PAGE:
The five-part essay is a step up from the five-paragraph essay. Often called the "persuasive" or "argumentative" essay, the five-part essay is more complex and accomplished, and its roots are in classical rhetoric. The main difference is the refinement of the "body" of the simpler five-paragraph essay. The five parts, whose names vary from source to source, are typically represented as:

  1. Introduction
    a thematic overview of the topic, and introduction of the thesis;
  2. Narration
    a review of the background literature to orient the reader to the topic; also, a structural overview of the essay;
  3. Affirmation
    the evidence and arguments in favor of the thesis;
  4. Negation
    the evidence and arguments against the thesis; these also require either "refutation" or "concession";
  5. Conclusion
    summary of the argument, and association of the thesis and argument with larger, connected issues.

In the five-paragraph essay, the "body" is all "affirmation"; the "narration" and "negation" (and its "refutation" or "concession") make the five-part essay less "thesis-driven" and more balanced and fair. Rhetorically, the transition from affirmation to negation (and refutation or concession) is typically indicated by contrastive terms such as "but", "however", and "on the other hand".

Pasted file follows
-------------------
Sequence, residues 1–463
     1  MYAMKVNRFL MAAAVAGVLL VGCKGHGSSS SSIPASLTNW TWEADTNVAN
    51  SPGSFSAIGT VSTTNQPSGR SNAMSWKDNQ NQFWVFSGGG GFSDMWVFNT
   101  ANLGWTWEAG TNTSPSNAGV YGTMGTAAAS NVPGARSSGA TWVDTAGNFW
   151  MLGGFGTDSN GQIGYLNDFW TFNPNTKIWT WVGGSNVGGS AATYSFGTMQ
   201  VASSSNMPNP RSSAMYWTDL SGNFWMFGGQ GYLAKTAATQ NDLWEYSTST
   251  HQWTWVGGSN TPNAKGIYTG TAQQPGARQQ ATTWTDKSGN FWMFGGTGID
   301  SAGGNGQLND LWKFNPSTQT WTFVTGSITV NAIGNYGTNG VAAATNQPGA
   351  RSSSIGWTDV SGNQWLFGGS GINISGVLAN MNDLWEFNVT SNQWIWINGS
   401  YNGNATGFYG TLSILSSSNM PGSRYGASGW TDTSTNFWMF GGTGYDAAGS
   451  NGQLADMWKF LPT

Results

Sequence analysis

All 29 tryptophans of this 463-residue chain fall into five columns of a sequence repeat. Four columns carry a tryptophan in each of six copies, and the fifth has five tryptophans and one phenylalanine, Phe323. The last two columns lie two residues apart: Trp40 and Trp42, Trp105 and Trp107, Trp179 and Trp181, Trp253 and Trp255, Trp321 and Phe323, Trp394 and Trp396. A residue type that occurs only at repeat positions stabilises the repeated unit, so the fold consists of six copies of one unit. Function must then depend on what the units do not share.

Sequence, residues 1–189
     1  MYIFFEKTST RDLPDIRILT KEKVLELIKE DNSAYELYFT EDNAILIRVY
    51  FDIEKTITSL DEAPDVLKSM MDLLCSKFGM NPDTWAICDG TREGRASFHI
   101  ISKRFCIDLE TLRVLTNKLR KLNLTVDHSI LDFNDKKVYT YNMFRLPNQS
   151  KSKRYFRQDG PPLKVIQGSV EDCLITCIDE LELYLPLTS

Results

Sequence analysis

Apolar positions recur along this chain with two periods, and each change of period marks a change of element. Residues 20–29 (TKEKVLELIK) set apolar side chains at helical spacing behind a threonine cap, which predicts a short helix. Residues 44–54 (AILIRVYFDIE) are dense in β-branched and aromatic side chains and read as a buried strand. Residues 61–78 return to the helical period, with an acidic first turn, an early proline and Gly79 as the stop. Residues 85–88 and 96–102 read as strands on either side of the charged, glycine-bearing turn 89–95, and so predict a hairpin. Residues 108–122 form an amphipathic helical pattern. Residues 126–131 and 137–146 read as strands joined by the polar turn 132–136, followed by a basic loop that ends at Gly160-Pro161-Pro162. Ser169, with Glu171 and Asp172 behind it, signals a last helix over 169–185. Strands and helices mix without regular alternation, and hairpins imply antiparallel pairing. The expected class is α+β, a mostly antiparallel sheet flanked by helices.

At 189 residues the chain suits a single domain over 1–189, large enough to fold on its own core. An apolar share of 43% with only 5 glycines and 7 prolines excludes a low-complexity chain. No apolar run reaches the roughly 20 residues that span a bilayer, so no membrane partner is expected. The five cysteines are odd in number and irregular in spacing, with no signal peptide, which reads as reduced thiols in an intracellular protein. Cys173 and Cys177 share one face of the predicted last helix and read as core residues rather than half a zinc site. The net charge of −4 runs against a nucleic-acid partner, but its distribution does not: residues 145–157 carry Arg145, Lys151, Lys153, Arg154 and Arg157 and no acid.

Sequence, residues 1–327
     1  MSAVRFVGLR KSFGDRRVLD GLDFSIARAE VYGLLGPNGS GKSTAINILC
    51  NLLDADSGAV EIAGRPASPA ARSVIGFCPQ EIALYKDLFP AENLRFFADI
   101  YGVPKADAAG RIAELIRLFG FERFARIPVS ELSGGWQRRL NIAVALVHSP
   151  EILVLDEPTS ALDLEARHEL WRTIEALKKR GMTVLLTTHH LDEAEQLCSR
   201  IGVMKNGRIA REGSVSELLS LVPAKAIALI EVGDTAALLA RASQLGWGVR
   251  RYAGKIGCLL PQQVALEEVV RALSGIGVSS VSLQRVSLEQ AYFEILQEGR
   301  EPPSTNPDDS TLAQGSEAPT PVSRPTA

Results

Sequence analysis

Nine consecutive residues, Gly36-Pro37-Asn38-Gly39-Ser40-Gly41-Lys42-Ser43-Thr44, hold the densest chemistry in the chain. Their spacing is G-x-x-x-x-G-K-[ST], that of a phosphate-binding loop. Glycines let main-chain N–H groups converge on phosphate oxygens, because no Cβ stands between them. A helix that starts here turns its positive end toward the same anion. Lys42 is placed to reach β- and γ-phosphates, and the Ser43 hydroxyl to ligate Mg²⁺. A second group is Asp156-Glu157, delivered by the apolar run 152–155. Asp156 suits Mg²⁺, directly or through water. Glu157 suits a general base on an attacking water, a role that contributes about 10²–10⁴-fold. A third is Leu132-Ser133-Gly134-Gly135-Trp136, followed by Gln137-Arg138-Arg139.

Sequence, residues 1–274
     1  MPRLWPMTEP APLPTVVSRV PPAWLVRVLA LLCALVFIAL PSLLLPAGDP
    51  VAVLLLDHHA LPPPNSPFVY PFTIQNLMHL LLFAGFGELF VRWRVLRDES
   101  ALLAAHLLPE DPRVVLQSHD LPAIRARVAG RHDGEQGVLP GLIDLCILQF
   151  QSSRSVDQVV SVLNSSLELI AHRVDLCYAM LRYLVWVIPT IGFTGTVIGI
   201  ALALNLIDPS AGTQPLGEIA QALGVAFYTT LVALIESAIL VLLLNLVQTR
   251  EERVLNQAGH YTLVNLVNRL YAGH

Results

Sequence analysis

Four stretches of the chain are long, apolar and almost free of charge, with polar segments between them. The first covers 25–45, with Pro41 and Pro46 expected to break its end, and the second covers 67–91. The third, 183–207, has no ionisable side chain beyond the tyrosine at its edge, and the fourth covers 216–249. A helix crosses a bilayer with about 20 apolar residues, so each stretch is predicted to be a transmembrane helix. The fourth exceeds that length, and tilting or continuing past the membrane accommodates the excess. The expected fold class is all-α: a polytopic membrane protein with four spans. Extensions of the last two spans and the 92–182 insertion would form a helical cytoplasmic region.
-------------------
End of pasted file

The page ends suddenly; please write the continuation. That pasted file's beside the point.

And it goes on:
The five parts are purely formal and can be created and repeated at any length, from a sentence (though it would be a highly complex one), to the standard paragraphs of a regular essay, to the chapters of a book, and even to separate books themselves (though each book would, of necessity, include the other parts while emphasizing the particular part).

Another form of the 5 part essay consists of

  1. Introduction: Introducing a topic. An important part of this is the three-pronged thesis.
  2. Body paragraph 1: Explaining the first part of the three-pronged thesis
  3. Body paragraph 2: Explaining the second part of the three-pronged thesis
  4. Body paragraph 3: Explaining the third part of the three-pronged thesis
  5. Conclusion: Summing up points and restating thesis